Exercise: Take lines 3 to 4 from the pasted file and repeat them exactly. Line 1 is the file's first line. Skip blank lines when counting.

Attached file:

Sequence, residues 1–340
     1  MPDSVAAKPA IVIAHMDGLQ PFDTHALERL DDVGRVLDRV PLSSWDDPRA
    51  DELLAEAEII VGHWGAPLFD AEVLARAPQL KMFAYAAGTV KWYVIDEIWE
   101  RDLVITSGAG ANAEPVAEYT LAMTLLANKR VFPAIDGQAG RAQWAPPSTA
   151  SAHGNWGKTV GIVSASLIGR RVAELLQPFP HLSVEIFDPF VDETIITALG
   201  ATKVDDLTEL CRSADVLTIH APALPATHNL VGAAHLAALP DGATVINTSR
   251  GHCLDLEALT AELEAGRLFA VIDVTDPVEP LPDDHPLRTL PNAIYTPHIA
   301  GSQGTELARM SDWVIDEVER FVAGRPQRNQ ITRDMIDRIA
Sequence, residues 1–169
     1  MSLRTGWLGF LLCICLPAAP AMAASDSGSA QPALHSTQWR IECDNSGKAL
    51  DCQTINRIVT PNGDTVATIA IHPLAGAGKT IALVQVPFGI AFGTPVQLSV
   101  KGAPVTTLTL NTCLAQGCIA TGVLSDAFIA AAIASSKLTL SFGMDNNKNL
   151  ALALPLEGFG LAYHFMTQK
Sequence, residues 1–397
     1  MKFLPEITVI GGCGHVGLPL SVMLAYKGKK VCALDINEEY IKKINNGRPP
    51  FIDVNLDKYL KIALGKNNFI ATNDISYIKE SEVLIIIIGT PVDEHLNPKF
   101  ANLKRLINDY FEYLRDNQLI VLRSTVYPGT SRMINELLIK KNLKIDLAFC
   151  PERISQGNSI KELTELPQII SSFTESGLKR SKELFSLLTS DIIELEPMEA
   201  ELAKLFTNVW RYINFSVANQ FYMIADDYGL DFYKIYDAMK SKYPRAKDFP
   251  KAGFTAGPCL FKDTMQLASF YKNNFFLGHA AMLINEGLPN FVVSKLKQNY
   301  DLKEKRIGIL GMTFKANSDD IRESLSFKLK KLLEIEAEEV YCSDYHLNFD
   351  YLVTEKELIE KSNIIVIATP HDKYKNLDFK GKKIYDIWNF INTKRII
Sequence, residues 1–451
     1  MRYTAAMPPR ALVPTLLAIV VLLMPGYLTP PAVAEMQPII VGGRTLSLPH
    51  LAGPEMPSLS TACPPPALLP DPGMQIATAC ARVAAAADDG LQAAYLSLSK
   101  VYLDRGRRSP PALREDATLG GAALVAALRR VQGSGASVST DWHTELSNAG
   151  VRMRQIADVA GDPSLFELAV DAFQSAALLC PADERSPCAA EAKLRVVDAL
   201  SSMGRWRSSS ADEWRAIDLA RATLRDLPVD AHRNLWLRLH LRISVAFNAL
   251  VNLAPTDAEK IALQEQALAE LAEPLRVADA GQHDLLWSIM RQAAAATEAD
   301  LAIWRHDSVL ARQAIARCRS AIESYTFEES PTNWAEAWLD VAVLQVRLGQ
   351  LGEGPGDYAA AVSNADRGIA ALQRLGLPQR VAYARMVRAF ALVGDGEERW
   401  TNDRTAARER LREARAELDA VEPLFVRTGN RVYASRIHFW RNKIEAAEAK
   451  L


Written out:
    51  DELLAEAEII VGHWGAPLFD AEVLARAPQL KMFAYAAGTV KWYVIDEIWE
   101  RDLVITSGAG ANAEPVAEYT LAMTLLANKR VFPAIDGQAG RAQWAPPSTA